The methane cycle on Titan

  • An Erratum to this article was published on 07 April 2008


Saturn's moon Titan is the second largest natural satellite in the solar system, and the only one that possesses a substantial atmosphere. With a surface temperature of 93.7 K at the equator, Titan's water is almost completely frozen out of the atmosphere; water ice comprises between 35% and 45% of the mass of Titan depending on the interior model. But methane seems to play many of the roles on Titan that water does on Earth: clouds have been observed, fluvial and dendritic features have been imaged suggesting episodic heavy rainfall, and there is compelling but circumstantial evidence for near-polar lakes or seas of methane and its atmospheric photochemical product, ethane. However, whereas Earth possesses a massive global ocean of water, Titan lacks a global methane ocean, and on Titan, low-latitude rainfall appears to be an occasional process limited by the small amount of available solar energy compared with that of Earth. Titan is therefore distinct from the Earth, but is also different from Venus in retaining an active cycle of precipitation and evaporation, and from Mars in the preponderance of active fluvial and pluvial processes in the present day.

Access options

Rent or Buy article

Get time limited or full article access on ReadCube.


All prices are NET prices.

Figure 1: Temperature versus altitude is shown for Titan's atmosphere.
Figure 2: The Cassini RADAR shows details of dendritic channels in high northern latitudes.
Figure 3: A schematic view of the methane cycle on Titan is shown with rough timescales for the various processes.


  1. 1

    Lebreton, J.-P. et al. An overview of the descent and landing of the Huygens probe on Titan. Nature 438, 758–764 (2005).

  2. 2

    Niemann, H. B. et al. The abundances of constituents of Titan's atmosphere from the GCMS instrument on the Huygens probe. Nature 438, 779–784 (2005).

  3. 3

    Tyler, G. L. et al. Radio science investigation of the Saturn System with Voyager 1: preliminary results. Science 212, 201–206 (1981).

  4. 4

    Fulchignoni, M. et al. Titan's physical characteristics measured by the Huygens Atmospheric structure instrument (HASI). Nature 438, 785–791 (2005).

  5. 5

    Atreya, S. K. et al. Titan's methane cycle. Planet.Space Sci. 54, 1177–1187 (2006).

  6. 6

    Tokano, T. et al. Methane drizzle on Titan. Nature 442, 432–435 (2006).

  7. 7

    Tomasko, M. G. et al. Rain, winds and haze during the Huygens probe's descent to Titan's surface. Nature 438, 765–778 (2005).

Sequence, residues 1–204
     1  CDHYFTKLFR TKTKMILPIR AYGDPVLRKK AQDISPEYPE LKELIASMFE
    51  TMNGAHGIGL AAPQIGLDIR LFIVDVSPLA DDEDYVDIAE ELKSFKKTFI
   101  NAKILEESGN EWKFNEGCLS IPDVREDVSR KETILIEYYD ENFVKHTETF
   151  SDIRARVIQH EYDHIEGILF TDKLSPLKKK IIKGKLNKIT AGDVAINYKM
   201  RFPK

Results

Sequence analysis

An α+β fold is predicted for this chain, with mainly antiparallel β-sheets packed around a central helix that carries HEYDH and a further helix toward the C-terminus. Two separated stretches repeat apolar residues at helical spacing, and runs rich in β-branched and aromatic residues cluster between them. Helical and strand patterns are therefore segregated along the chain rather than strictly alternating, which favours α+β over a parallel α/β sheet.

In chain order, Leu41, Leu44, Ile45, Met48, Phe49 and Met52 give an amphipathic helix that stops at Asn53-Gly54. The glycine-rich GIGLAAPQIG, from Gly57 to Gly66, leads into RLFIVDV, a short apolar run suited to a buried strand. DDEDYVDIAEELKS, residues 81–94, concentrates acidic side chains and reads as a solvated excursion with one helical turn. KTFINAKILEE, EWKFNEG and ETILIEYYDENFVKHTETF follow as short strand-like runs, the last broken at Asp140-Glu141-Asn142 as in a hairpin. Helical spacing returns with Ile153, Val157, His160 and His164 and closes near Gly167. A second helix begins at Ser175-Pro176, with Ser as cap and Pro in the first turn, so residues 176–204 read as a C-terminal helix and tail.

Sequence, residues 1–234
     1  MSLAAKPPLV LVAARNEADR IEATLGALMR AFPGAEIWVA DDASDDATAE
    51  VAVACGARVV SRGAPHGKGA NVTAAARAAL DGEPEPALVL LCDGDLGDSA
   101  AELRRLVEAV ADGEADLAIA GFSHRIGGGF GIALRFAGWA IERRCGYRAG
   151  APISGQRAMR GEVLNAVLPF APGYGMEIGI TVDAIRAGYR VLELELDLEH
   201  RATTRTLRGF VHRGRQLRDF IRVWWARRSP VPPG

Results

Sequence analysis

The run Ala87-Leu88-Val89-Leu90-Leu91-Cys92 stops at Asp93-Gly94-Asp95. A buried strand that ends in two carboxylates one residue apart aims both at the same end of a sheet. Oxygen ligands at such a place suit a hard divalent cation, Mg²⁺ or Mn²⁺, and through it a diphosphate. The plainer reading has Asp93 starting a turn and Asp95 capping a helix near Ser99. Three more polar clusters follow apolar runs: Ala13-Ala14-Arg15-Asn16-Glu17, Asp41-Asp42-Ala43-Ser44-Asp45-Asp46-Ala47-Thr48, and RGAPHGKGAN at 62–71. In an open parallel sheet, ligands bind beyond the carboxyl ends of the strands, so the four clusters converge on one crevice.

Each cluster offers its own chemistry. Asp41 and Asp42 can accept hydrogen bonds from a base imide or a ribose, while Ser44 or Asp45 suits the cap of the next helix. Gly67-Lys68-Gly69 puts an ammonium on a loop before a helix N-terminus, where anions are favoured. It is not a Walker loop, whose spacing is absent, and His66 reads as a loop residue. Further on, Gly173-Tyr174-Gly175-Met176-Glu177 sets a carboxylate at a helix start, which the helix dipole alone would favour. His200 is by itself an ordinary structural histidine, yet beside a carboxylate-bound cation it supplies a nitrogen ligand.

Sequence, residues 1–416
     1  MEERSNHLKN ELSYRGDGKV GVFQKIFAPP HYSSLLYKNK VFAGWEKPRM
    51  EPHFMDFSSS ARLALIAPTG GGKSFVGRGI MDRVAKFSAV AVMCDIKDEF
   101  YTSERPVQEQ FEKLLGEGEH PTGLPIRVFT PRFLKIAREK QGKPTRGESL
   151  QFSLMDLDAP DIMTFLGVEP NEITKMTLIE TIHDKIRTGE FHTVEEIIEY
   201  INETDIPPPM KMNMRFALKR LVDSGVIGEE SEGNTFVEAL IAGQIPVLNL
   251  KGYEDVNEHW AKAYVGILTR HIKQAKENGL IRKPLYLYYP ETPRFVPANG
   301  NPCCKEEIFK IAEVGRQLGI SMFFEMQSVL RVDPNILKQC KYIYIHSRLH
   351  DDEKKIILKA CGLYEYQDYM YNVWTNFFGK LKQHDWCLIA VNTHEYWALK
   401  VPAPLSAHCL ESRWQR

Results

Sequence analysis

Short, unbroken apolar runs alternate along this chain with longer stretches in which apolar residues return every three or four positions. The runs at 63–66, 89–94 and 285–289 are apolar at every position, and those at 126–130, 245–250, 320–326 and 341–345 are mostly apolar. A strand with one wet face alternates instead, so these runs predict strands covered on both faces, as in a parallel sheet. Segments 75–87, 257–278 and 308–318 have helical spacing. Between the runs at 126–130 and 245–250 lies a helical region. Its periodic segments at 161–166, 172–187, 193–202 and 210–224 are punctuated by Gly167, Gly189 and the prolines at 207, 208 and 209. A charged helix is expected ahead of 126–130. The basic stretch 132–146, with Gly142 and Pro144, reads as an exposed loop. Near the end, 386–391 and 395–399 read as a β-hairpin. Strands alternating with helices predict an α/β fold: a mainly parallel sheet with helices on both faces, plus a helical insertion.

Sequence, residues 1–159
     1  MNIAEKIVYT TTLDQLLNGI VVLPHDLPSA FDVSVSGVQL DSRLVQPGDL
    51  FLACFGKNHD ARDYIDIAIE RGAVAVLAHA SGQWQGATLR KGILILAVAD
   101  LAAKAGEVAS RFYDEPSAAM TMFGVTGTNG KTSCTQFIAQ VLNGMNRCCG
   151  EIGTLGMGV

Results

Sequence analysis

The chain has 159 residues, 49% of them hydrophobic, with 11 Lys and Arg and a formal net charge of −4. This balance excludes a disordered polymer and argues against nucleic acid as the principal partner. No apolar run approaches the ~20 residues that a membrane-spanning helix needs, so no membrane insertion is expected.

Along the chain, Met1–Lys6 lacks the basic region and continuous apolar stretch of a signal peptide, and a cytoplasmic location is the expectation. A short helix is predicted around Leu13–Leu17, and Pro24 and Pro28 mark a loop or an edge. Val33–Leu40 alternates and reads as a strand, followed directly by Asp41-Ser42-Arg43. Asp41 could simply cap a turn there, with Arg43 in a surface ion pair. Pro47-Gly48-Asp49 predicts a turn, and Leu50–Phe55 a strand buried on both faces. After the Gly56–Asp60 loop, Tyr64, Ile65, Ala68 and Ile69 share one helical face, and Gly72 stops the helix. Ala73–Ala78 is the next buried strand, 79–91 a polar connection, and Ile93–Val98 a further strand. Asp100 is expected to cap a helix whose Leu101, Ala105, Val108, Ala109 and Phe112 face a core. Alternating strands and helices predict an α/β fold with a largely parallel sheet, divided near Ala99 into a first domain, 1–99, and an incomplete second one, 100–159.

8. 8

    Roe, H. G., Brown, M. E., Schaller, E. L., Bouchez, A. H. & Trujillo, C. A. Geographic control of Titan's mid-latitude clouds. Science 310, 477–479 (2005).

  9. 9

    Griffith, C. et al. The evolution of Titan's mid-latitude clouds. Science 310, 474–476 (2005).

  10. 10

    Griffith, C. A. Hall, J. L. & Geballe, T. R. Detection of daily clouds on Titan. Science 290, 509–513 (2000).

  11. 11

    Porco, C. C. et al. Imaging of Titan from the Cassini spacecraft. Nature 434, 159–168 (2005).

  12. 12

    Schaller, E. L. et al. Dissipation of Titan's south polar clouds. Icarus 184, 517–523 (2006).

  13. 13

    Griffith, C. A. et al. Evidence for a polar ethane cloud on Titan. Science 313, 1620–1622 (2006).

  14. 14

    Hueso, R. & Sanchez-Lavega, A. Methane storms on Saturn's moon Titan. Nature 442, 428–431 (2006).

  15. 15

    Yung, Y. L., Allen, M. A. & Pinto, J. P. Photochemistry of the atmosphere of Titan: comparison between model and observations. Astrophys. J. Suppl. S. 55, 465–506 (1984).

  16. 16

    Atreya, S. K. Atmospheres and Ionospheres of the Outer Planets and Satellites. (Springer-Verlag, Berlin, 1986).

  17. 17

    Waite, J. H. et al. The process of tholin formation in Titan's atmosphere. Science 316, 870–872 (2007).

  18. 18

    Wilson, E. H. & Atreya, S. K. Current state of modelling the photochemistry of Titan's mutually dependent atmosphere and ionosphere. J. Geophys. Res. 109, E06002 (2004).

  19. 19

    Lunine, J. I., Stevenson, D. J. & Yung, Y. L. Ethane ocean on Titan. Science 222, 1229–1230 (1983).

  20. 20

    Coustenis, A. et al. The composition of Titan's stratosphere from Cassini/CIRS mid-infrared spectra. Icarus 189, 35–62 (2007).

  21. 21

    Dubouloz, N., Raulin, F., Lellouch, E. & Gautier, D. Titan's hypothesized ocean properties — The influence of surface temperature and atmospheric composition uncertainties. Icarus 82, 81–96 (1989).

  22. 22

    West, R., Brown, M. E., Salinas, S. V., Bouchez, A. H. & Roe, H. G. No oceans on Titan from the absence of a near-infrared specular reflection. Nature 436, 670–672 (2005).

  23. 23

    Stofan, E. R. et al. The lakes of Titan. Nature 445, 61–64 (2007).

  24. 24

    Elachi, C. et al. Cassini radar views the surface of Titan. Science 308, 970–974 (2005).

  25. 25